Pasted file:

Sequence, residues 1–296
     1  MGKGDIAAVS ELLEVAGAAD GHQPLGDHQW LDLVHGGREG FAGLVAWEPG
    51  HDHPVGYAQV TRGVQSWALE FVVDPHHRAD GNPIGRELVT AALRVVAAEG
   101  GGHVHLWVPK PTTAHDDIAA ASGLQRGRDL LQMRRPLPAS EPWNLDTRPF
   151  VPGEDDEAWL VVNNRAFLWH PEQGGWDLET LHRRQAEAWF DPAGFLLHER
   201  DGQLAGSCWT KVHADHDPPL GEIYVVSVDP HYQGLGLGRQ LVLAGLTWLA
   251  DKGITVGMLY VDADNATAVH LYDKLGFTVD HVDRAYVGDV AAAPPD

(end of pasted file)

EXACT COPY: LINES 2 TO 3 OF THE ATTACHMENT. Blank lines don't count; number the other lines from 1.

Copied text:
     1  MGKGDIAAVS ELLEVAGAAD GHQPLGDHQW LDLVHGGREG FAGLVAWEPG
    51  HDHPVGYAQV TRGVQSWALE FVVDPHHRAD GNPIGRELVT AALRVVAAEG